Band – Biollante

Album – J’Espère Que Tu Danseras Quelque Part

Country of Origin – France

Genre – Horrorcore

Release Date – May 13, 2022

Label – Independent Release

Author – Hayduke X


Let’s start with some disclaimers. I probably shouldn’t be reviewing this album. It’s probably a little too far out of the MoshPitNation wheelhouse of genres for me to be writing this. After all, at the core of Biollante is hip hop, not metal. However, there are some justifications for writing this review anyway. First of all, Biollante shares members with the experimental metal collective Non Serviam, which I’ve also written about here. When they contacted me to check out this other project, I said I’d definitely be interested. Second, there are actually plenty of guitars on the album, though they are used for beat creation. Third, there are many examples of metal/hip hop collaboration, going all the way back to at least Aerosmith and Run DMC. With all of that said, I’ll step out of the site’s comfort zone here with a clear conscience. 


When I listen to hip hop (and I do fairly regularly), I look for unique beats, a strong flow, and rhythmic certainty. On J’Espère Que Tu Danseras Quelque Part, Biollante give us all three. To start with, the beats are definitely unique. They are harsh, aggressive, and full of musical flavor. In many ways, they call to mind Backxwash and some of the beats which El-P has come up with for Run the Jewels. Maybe even some of the Flatbush Zombies beats would be an apt comparison. Lyrically, my French is not strong enough to follow what is being said (but I have some guesses…more on that later). The flow itself hits hard. It has its own rhythmic pulse which adds to the overall feel, as it should. By rhythmic certainty, I mean that the music should physically move you. I’m typing, bobbing my head, and tapping my foot all to the push-pull rhythms of the music, so mission accomplished.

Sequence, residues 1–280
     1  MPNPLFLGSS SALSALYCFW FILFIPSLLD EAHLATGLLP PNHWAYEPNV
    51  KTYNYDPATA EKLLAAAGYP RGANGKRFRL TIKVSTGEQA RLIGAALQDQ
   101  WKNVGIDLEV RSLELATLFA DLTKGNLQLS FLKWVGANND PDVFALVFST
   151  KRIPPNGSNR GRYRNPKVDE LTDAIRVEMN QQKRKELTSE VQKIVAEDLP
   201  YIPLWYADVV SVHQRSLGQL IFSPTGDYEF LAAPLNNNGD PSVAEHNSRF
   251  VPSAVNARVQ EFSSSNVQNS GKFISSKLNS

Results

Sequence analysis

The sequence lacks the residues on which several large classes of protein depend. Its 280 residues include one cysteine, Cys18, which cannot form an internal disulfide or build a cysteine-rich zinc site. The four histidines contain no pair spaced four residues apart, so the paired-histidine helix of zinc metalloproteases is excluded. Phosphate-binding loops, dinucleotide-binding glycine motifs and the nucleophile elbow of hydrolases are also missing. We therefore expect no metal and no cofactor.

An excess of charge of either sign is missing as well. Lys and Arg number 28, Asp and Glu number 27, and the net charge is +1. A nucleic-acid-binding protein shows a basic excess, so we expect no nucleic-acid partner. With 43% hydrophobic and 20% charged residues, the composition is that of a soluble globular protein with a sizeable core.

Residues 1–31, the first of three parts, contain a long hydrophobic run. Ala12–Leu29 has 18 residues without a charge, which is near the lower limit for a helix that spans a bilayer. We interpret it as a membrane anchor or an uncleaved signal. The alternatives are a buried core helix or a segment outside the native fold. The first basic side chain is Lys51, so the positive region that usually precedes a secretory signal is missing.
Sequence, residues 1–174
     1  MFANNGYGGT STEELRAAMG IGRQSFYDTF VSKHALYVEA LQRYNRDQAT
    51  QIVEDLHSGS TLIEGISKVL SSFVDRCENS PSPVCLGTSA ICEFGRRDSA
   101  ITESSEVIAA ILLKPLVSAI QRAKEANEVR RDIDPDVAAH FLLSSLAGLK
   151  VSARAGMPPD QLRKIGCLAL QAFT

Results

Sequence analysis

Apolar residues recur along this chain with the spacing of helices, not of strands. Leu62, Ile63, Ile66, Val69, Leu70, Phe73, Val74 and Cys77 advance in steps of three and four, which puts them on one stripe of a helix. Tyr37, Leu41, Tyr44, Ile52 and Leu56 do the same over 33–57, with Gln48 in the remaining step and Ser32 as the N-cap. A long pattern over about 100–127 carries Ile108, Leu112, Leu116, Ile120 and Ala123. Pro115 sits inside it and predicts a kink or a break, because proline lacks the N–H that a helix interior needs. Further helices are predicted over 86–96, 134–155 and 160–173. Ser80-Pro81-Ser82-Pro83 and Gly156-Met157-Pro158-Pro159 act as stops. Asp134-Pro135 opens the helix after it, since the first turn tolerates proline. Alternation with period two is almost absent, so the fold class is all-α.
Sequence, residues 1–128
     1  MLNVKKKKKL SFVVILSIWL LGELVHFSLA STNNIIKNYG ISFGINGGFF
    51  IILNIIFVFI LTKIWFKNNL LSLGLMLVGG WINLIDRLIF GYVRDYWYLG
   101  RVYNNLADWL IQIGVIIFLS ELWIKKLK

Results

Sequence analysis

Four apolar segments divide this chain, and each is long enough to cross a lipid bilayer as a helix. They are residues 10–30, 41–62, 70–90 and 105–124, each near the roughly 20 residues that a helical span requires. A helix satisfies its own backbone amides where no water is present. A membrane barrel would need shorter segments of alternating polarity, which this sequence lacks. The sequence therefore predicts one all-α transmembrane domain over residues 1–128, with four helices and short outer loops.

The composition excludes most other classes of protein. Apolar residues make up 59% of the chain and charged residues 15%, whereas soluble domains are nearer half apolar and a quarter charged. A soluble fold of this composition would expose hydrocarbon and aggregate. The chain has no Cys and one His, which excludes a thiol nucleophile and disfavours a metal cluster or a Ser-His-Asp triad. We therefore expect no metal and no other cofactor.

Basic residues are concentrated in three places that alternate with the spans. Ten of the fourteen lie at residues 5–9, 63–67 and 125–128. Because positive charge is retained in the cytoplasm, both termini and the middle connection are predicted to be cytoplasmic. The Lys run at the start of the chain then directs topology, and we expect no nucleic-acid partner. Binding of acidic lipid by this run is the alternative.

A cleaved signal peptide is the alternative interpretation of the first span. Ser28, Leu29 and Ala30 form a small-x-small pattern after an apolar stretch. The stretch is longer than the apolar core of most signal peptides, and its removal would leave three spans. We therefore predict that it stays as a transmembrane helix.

As some of you may remember, Non Serviam is an anti-capitalist, anarchist collective. In their work with Biollante, the same holds true. While I don’t know what the lyrics are actually saying (Google Translate is flawed, but confirms my guess, as best as I can tell), the album lyrically holds similar themes. Capitalism is called out as the disease it is. In other words, the anonymous collective is finding more ways to spread their important message to the masses. Solidarity!




Biography:  Hayduke X has been writing for MoshPitNation since June of 2016. He is also a contributor to The Metal Wanderlust. Prior to joining the MoshPitNation team, Hayduke published reviews on his own blog Rage and Frustration. In addition, he has DJ’ed an online metal radio show of the same name as his blog, written for, done interviews for Metal Rules, and collaborated with The Art of B Productions to create video interviews with a wide variety of bands.